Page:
World Cup Countdown: Can Team USA Win A Game?

Team USA was an embarrassment in the 2006 World Cup and inconsistent ever since.
Last World Cup, the Americans failed to win even a single match. What will it take for the U.S. to actually advance out of the round-robin games?
First question first: Can the United States Men's National Team win a game during this summer's World Cup? Yes. In fact, the Americans should prevail in two of their three first-round matches. Losing to Slovenia on June 18th and Algeria five days later will be more than a disappointment; it will be unacceptable for a side that wants to stake a claim as one of the world's top dozen teams. For their opening match, the Stars and Stripes won't be favored to win against England.

Going one step further, the 2010 World Cup marks the first time the Red, White, and Blue are predicted by many pundits to advance from their group. The top two finishers in each of the eight, four-team pairings move on to the knockout phase. The USA has only advanced from group play three times in World Cup history. 1930, when they finished in third place overall, 1994, when they hosted, and 2002, when they reached the quarterfinals. It's unlikely that in any of those cases they were considered a favorite to advance. They've made every Cup since 1990, but they've tended to be in difficult groups and since they're still considered a developing soccer nation, not much has been expected. Elevated expectations are new for the Americans, but show the U.S.'s development as a soccer-playing nation.

"I don't even think getting to the second round is something that we should necessarily applaud," Alexi Lalas, a member of the 1994 and 1998 U.S. World Cup squad and ESPN commentator, told earlier this year. "I think it's expected this time. I think if this team doesn't get out of this group, American soccer fans should be disappointed, and I would consider it a failure. That's a good situation to be in because not too long ago, people really didn't care. Now there are much higher expectations."

The growing faith in the U.S. squad stems from their recent successes. At the Confederations Cup held in South Africa a year before the World Cup, the Americans defeated Spain en route to reaching their first-ever final of a FIFA tournament. Vincente del Bosque's La Furia Roja (The Red Fury) were on a world record 35-match unbeaten streak and held the world's No. 1 ranking. The U.S. defended as a cohesive unit, bending but never breaking, and counterattacked effectively in the 2-0 victory. Although they would lose in the Confed Cup's last match to Brazil by a 3-2 scoreline, Bob Bradley's squad took a 2-0 lead into halftime. During the tournament, they proved to the world they can beat anyone on the right day.

The success in the Confederations Cup and World Cup qualifying -- the U.S. finished first in their region -- has fixed much of the damage done to the American reputation internationally by a poor showing during the 2006 tournament. In Germany, expectations for the team were high after their quarterfinal showing in the 2002 World Cup. The draw paired the U.S., ranked fifth in FIFA's World rankings, alongside Czech Republic (No. 2), Italy (No. 4), and Ghana (one of the strongest African sides) in the Group of Death. The Stars and Stripes failed to advance, losing to the Czechs and Ghana while tying eventual champions Italy.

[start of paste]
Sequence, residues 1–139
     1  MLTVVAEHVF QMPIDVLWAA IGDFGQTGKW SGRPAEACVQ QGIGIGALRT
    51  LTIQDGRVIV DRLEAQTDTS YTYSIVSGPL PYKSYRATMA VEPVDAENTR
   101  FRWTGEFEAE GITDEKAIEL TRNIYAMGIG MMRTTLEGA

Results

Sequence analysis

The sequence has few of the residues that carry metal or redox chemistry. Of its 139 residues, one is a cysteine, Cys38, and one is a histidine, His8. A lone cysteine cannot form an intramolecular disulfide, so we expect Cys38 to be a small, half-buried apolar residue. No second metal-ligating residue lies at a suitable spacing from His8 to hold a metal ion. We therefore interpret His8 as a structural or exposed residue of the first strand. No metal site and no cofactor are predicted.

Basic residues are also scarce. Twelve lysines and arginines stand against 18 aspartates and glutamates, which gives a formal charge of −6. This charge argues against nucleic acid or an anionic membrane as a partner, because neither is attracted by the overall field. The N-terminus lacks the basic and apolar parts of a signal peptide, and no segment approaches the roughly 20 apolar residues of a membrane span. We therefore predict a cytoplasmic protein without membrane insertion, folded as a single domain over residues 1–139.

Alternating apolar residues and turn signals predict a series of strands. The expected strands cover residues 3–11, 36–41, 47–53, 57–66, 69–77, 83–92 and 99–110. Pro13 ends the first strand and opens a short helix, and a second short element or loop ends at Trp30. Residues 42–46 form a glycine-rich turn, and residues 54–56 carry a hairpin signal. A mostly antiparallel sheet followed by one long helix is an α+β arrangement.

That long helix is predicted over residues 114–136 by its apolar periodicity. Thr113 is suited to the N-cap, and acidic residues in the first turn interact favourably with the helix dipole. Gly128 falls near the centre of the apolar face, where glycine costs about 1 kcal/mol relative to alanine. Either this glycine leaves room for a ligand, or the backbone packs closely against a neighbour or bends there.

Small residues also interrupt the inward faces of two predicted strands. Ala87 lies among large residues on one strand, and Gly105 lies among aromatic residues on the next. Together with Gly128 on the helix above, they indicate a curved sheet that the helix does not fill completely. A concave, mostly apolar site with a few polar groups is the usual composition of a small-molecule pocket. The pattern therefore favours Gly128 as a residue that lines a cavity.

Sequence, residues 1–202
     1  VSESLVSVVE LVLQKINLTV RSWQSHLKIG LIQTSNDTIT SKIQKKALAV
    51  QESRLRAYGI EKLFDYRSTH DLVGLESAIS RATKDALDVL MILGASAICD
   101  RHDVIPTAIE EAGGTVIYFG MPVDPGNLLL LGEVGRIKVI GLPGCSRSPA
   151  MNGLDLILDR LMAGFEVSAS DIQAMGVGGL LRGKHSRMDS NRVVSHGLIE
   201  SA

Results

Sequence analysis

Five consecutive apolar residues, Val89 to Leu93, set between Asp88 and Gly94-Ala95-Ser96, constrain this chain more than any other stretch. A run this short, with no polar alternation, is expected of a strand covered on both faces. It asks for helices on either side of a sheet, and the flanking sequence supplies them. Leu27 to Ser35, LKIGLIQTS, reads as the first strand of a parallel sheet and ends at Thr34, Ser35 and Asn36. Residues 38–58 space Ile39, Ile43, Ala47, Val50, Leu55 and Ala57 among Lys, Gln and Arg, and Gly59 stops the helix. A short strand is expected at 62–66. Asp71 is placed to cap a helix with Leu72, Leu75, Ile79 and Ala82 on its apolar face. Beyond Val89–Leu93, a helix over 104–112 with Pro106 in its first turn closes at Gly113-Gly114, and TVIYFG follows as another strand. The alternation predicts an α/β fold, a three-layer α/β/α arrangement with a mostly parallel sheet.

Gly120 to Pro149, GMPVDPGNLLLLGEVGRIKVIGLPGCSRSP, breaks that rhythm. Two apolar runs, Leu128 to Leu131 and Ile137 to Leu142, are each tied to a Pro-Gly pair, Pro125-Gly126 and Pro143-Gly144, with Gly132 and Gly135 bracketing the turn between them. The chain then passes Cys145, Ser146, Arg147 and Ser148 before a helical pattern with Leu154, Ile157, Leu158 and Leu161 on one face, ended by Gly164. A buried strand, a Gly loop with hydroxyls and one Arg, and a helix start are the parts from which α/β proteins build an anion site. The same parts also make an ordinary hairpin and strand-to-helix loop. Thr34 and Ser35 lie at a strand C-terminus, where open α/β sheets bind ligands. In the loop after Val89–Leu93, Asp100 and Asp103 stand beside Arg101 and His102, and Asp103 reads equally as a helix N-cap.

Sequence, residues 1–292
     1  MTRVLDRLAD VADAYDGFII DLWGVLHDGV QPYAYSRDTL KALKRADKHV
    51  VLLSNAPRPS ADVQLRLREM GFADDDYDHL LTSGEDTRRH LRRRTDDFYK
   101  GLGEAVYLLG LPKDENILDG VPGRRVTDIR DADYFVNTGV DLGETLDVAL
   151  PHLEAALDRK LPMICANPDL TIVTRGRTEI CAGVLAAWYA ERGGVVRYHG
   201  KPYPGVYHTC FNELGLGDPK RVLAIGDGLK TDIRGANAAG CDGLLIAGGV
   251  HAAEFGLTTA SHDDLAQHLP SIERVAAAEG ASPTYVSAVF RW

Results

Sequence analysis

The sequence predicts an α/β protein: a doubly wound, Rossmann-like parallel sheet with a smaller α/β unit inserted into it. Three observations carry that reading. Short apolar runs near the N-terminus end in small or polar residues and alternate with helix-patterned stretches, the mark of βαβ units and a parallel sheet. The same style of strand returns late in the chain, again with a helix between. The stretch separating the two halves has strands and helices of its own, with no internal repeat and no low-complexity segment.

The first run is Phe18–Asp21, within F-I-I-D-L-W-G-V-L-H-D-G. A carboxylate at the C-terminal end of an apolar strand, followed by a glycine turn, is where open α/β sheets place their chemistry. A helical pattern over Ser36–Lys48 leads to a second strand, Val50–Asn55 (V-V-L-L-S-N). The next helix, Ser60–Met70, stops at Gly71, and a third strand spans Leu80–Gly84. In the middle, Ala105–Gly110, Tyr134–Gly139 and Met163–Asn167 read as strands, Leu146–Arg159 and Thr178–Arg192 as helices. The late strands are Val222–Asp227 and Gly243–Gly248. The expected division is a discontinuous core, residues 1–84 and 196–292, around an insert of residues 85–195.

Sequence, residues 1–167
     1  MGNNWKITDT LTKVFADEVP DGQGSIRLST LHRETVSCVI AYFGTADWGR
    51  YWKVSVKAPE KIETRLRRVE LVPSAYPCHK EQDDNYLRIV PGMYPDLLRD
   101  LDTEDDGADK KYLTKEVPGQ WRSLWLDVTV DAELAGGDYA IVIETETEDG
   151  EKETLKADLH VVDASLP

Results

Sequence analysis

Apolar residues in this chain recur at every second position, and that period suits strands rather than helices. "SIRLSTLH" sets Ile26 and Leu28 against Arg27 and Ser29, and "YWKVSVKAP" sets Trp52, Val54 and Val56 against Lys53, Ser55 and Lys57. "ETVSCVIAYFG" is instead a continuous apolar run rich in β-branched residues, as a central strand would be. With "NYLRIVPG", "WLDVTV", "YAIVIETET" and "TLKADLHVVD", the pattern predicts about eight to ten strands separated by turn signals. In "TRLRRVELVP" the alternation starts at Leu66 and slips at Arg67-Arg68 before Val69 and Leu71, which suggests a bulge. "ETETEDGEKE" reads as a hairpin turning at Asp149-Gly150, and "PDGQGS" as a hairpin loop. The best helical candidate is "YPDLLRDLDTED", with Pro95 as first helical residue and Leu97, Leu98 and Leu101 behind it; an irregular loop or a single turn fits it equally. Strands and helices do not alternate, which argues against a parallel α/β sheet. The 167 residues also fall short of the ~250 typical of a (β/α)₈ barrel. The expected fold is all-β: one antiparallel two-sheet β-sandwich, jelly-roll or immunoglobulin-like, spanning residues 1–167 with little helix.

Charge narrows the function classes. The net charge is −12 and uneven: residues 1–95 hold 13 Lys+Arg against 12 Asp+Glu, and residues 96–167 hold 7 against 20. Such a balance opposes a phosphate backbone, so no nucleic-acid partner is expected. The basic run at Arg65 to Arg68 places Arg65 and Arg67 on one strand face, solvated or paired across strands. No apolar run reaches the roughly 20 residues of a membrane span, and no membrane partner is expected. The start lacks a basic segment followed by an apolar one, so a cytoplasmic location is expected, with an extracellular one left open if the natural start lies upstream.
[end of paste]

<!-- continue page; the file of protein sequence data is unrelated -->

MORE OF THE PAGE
That said, the showing in Germany wasn't as bad as some remember. While the Czech Republic dismantled the Americans, the U.S. was the only team the Azzurri didn't beat and the match against the African squad turned on a questionable penalty and a bad giveaway by captain Claudio Reyna who injured himself on the play. A win against Ghana would have seen the U.S. advance. (Of course, Brazil waited in the next round, but the Americans would have prevailed. Crazier things have happened.) In '02, Bruce Arena's team caught all the bounces and were hailed as conquering heroes; in '06, they didn't and were branded as failures. Soccer is a cruel mistress.

After the disappointing effort in Germany, Bradley replaced the current Los Angeles Galaxy manager. His side's improved every year. Despite an injury to emerging star striker Charlie Davies, who will miss this summer's tournament after nearly dying in an October car accident, the 52 year old who earned his first coaching job 30 years ago brings arguably the deepest 23-man outfit the country's ever produced to South Africa.

With English Premier League star Tim Howard in net, and Oguchi Onyewu, Jay DeMerit, and Carlos Bocanegra manning the backline, the squad boasts a formidable defense. All-time leading scorer Landon Donovan and Clint Dempsey, who's prone to moments of sheer genius at his Fulham club side, will carry the offensive load with assists from Michael Bradley (the coach's son), 20 year old Jozy Altidore, and a host of other developing talents.

The Americans will win a game in the first round. They should win two. They might even win three. After that, who knows? Over the past year, the U.S. has proved they can beat every team in the world. The only question is, will they?

Noah Davis (@noahedavis) covers the United States Men's National Team for and will be reporting from the World Cup in South Africa.

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